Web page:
Some caregivers may be keeping promises to parents or spouses that they would never “put them away.” That’s a noble intent, and it’s a blessing when you can fulfill such a promise. However, in spite of our best efforts to stop by my Mom’s more often, stay longer, do more of what was needed, etc., the day came when our family accepted that we could no longer care for our mother on our own. It was unsafe to leave her alone, and no one was in a position to leave their jobs or move her in with them. We would have to partner with some type of nursing facility for her care.
We relied on help from Mom’s doctor to tell her that we had to find a placement for her right away so that she was safe. We did our research, met with directors, and had tearful tours of several facilities that had an Alzheimer’s unit. The one we selected arranged for Mom to come in for lunch; she thought it was social, but it was actually an assessment. We let her see another facility the same day so that she was a part of the decision-making process. Thankfully, she also selected the first one.
When the time came to move her in, we felt pretty much felt like parents on the first day of school. We were reluctant to walk away and leave her with strangers. Yet, we chose to not feel guilty for having to place her. We were not turning our backs on her, but became regular visitors who got involved in the center’s activities as well. Everyone’s situation is different; so not everyone will need to or be able to partner with an assisted living facility for the care of a loved one. But if that day comes for you, think about my mother’s words, “I’m not happy about it, but I accept it.” In time I learned to let go of the emotion and accept it as well.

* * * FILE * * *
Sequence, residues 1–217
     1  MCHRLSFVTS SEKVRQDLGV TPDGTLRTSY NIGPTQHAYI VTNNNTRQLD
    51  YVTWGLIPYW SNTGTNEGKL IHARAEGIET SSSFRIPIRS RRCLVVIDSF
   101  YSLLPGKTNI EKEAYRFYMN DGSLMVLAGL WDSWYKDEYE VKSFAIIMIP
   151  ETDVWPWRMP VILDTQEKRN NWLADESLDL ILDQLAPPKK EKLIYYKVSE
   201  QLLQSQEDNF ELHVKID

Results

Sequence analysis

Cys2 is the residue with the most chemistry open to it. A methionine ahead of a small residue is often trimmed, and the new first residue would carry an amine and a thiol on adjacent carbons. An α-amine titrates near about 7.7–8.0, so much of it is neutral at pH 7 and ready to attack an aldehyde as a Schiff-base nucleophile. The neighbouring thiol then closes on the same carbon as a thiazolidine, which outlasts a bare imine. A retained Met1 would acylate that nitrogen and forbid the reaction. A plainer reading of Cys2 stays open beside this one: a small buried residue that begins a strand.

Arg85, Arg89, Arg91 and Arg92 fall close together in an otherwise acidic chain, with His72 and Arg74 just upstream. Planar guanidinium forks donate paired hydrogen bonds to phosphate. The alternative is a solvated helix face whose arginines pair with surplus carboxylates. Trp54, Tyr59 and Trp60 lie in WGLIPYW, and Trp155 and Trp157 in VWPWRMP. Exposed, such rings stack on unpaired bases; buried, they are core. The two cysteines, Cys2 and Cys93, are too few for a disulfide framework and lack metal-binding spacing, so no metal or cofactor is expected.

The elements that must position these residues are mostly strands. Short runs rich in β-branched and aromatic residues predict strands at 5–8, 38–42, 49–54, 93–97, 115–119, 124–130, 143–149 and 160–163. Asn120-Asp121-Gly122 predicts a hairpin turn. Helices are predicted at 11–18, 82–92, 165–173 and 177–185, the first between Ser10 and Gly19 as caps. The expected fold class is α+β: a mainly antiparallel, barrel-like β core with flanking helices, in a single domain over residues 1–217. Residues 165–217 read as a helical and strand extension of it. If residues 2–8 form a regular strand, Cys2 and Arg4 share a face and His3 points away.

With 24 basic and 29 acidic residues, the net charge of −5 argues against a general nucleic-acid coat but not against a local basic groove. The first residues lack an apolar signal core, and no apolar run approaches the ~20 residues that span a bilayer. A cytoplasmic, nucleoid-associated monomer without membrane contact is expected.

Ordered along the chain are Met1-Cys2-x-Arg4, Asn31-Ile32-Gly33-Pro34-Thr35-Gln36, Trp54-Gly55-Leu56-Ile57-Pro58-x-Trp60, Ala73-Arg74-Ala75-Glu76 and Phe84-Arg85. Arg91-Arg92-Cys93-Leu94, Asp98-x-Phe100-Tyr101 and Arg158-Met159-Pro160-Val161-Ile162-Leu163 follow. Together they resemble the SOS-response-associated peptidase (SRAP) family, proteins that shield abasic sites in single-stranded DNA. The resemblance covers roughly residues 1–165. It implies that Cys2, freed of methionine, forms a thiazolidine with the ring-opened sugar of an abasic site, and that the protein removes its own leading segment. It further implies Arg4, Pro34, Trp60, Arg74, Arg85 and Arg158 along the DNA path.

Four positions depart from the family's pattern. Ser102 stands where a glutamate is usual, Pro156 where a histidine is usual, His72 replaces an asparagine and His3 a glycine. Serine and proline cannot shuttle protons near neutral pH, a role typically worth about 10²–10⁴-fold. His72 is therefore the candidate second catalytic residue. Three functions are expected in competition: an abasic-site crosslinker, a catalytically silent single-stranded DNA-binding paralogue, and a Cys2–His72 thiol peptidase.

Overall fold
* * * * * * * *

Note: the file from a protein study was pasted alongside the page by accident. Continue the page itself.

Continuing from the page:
I found that simple statement at the end of a journal entry in the book about my mother’s journey with Alzheimer’s – You learn as you go. Yet we sometimes wish we knew it all upfront, right? And how can we? There are some things that only life’s experience can teach us.
Even after mulling over research or implementing best practices, we find that being a caregiver can be trial and error. (And that’s okay as long as we are not talking about life-threatening errors.) For example, we may learn a better way to talk to those we care for because as they change, we find that we must change also. What worked yesterday may not be working today. We find out how to better care for our loved ones as we peer into their faces and understand that they are more frustrated with the illness than we are.
Learning as you go can be beneficial. It takes off the pressure to get everything right all the time. This teaches us to be patient with ourselves and more patient with our loved ones. Keep learning, keep going – there are more lessons ahead to strengthen you and guide you.
Here in Illinois, we are enjoying temperatures nearing the 60’s. This came after a nearly two-week period last month of freezing weather and repetitive snowstorms. Looking outside now, it’s hard to believe how miserably cold we were or how much snow and ice had recently covered our rooftops, streets, and driveways.
However, one caveat to the sunshine these past few days has been the strong winds that bring with them their own damage and challenges. You can either hide from the wind and miss the sunshine or enjoy a walk in the sunshine and embrace the wind.
When I sat at my mother’s bedside the last day she spent on earth, there actually was a winter storm going on. The greater storm, though, was my internal one as I faced the reality that she would not live to see the next day. Rather than spending that time only crying, I began to minister to her. I cleaned and trimmed her nails, moisturized her skin and face, and cleaned and combed her hair. I also prayed over her, sang hymns, and read scripture to her. I reminded her that I loved her and told her that the family would be okay. It was a conscious decision on my part to ignore the wind and see the sunshine. I knew that she would soon be completely healed from Alzheimer’s, that her “winter” here would be done, and that she would soon know her name again. Losing a loved one is never easy, but we all know that one day our role as caregivers will change. My hope for you is that you will see the sunshine in spite of the wind.